Written by Julius Birch
On the 12th of October, the Biden administration released its first National Security Strategy brief, a 48-page document outlining the administration’s assessment of US national security for the 21st century. The People’s Republic of China is identified as a major long-term threat. Another document recently released by the Bureau of Industry and Security details a range of export controls on advanced microelectronics components, intended to hobble China’s capacity for technological advancement and economic growth. The Biden administration has identified China as a tremendous long-term threat to US interests and is willing to pull no punches. However, Joe Biden’s first term is already halfway through. Despite several running criminal investigations, Donald Trump has repeatedly hinted he would run for president again in 2024, and it seems he still has the base to do so. 61% of Republicans would still want him to run if he were criminally charged, according to a recent poll, and according to the Marist Institute for Public Opinion. "his core support remains intact regardless of the results of the investigation”. As such, it’s well worth pondering the implications of his re-election for international security. How would the famously erratic and impulsive President Trump conduct his trans-Pacific policy in 2024?
Trump’s relations with China during the presidency
During the 2016 election cycle, the eventual victor would produce many a controversial soundbite, but none were repeated quite so often as ‘America First’ and ‘China’. Claiming the US had become entangled in a web of foreign alliances and agreements that were not in her interest, Trump promised that, were he to become president, he would reassess America’s international obligations – and if they were not beneficial, withdraw from them without hesitation. He promised to bring back manufacturing jobs that had gone to China. He would, in short, make US interests a priority in their foreign policy once more.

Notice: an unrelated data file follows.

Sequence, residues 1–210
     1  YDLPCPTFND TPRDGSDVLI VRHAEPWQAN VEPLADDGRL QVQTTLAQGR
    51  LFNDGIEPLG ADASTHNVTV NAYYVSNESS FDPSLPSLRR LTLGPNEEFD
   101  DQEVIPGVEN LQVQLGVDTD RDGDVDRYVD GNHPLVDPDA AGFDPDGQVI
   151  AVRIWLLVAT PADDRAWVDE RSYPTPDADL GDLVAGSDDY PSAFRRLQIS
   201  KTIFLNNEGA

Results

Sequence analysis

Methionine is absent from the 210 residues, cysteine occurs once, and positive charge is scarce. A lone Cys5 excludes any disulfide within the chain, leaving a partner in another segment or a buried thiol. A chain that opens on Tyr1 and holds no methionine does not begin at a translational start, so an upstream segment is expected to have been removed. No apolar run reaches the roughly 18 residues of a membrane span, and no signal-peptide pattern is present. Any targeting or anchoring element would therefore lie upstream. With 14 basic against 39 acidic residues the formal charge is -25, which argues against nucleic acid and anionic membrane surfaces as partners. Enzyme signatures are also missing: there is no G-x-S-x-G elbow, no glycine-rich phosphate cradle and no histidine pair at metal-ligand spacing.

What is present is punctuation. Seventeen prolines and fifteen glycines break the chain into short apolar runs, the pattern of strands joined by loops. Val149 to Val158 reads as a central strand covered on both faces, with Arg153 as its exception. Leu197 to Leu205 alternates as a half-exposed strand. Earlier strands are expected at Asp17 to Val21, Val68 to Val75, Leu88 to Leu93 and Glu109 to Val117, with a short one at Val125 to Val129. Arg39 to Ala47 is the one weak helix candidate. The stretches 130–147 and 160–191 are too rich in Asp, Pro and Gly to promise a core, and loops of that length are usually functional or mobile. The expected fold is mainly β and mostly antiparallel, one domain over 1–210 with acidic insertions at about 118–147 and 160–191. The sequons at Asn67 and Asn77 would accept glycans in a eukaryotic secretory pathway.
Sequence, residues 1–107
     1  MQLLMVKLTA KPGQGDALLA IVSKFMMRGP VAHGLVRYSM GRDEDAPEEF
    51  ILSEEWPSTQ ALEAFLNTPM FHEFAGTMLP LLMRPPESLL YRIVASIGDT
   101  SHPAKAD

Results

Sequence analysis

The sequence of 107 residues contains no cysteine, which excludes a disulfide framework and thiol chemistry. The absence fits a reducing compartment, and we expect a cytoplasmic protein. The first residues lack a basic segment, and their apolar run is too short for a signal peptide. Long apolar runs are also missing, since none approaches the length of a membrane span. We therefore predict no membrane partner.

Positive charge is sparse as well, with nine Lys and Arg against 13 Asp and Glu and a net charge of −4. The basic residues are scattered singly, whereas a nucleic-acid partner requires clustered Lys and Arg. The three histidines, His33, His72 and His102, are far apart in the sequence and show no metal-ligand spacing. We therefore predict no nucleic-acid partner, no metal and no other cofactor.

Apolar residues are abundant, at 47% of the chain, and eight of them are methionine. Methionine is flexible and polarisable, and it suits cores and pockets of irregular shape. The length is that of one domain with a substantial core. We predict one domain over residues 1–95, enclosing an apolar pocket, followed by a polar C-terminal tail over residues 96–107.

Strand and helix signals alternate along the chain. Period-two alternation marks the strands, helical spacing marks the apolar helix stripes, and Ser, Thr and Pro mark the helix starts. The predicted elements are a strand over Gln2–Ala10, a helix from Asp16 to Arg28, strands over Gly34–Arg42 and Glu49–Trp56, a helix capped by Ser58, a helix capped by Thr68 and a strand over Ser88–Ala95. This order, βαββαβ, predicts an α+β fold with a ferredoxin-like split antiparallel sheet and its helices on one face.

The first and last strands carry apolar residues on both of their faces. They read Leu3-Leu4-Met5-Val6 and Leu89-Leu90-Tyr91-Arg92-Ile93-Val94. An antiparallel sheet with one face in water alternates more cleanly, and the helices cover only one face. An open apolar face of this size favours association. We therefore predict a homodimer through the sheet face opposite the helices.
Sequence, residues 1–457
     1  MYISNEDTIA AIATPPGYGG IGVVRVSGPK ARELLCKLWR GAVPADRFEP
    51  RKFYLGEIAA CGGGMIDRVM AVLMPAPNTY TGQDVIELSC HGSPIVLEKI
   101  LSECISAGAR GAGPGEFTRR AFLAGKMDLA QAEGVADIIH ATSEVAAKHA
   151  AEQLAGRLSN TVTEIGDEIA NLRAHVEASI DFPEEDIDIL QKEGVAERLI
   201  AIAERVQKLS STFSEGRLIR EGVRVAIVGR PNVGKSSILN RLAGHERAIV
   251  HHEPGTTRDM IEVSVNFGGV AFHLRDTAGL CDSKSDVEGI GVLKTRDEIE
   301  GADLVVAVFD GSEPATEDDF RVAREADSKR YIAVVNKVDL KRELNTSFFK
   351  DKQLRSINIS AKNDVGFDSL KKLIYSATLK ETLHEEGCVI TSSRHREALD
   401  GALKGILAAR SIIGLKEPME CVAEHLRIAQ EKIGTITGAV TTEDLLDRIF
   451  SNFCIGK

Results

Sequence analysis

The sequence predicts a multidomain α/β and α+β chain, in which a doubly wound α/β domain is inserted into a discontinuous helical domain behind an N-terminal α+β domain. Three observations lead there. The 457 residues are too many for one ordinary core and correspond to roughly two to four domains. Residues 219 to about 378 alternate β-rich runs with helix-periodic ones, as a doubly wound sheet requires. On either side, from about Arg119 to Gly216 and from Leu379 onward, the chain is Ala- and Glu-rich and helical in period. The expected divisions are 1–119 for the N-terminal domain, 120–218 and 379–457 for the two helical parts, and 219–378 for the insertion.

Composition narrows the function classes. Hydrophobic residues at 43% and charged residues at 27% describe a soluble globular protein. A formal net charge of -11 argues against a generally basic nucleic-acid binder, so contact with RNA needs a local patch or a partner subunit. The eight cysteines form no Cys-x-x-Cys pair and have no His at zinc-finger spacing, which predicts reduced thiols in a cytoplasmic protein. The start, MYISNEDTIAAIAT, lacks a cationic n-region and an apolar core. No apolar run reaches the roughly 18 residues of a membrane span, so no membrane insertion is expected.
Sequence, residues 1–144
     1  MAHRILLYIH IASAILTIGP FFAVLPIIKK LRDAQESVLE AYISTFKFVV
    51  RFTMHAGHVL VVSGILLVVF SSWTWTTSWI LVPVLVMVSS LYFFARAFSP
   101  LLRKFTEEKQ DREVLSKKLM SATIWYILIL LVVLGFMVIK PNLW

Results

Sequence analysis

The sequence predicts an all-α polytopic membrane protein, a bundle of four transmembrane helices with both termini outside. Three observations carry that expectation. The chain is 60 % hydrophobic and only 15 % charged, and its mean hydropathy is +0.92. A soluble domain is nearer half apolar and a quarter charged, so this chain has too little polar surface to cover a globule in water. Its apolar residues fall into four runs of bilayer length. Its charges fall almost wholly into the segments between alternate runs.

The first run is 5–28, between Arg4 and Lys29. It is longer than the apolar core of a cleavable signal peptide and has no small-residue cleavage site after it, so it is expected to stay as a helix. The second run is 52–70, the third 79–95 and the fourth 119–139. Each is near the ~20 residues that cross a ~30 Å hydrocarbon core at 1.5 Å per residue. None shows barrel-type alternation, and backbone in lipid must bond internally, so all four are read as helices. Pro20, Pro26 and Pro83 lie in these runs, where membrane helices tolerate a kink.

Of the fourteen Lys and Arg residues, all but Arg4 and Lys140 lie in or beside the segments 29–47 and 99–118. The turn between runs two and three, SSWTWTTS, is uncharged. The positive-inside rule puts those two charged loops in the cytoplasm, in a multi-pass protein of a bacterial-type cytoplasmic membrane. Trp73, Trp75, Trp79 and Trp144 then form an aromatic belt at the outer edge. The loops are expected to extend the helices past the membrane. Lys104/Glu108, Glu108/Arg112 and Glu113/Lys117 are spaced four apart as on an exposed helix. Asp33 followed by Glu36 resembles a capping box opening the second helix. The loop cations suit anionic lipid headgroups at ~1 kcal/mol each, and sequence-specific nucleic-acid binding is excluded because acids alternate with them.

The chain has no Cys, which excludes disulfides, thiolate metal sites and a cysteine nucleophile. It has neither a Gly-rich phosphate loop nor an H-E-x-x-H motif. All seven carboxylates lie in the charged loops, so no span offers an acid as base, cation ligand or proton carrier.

Upon becoming president, Trump certainly appeared to make good on his promises, and the China front was no exception. At Trump’s direction, the United States withdrew from the Trans-Pacific Partnership Agreement, a proposed trade agreement to lower mutual trade barriers among a number of countries on both sides of the Pacific Ocean. A trade war was instigated, the Trump administration laying tariffs on the import of Chinese goods, to which China responded in kind. Policies such as these, as well as inflammatory rhetoric, were quite sufficient to satisfy Trump’s followers.
However, time revealed the inefficiency, inadequacy, or simply misguided nature of these policies. The TPP had been lauded as a strategic move to “prevent China from writing the rules of the world economy,” increasing economic growth for the US and friendly nations in the Asian-Pacific region. Leaving the Trans-Pacific Partnership – the groundwork for which had been laid during the Obama administration – gave China an opportunity to fill the power vacuum in the region left by the US. In 2019, Forbes claimed that “his tariff-obsessed approach is far too narrow to address the genuine challenges China poses to American hegemony over the coming decades,” while those very same tariffs were causing problems for small American farmers and manufacturers. In short, Trump’s approach did little to truly counter the Chinese challenge and often caused more harm than good.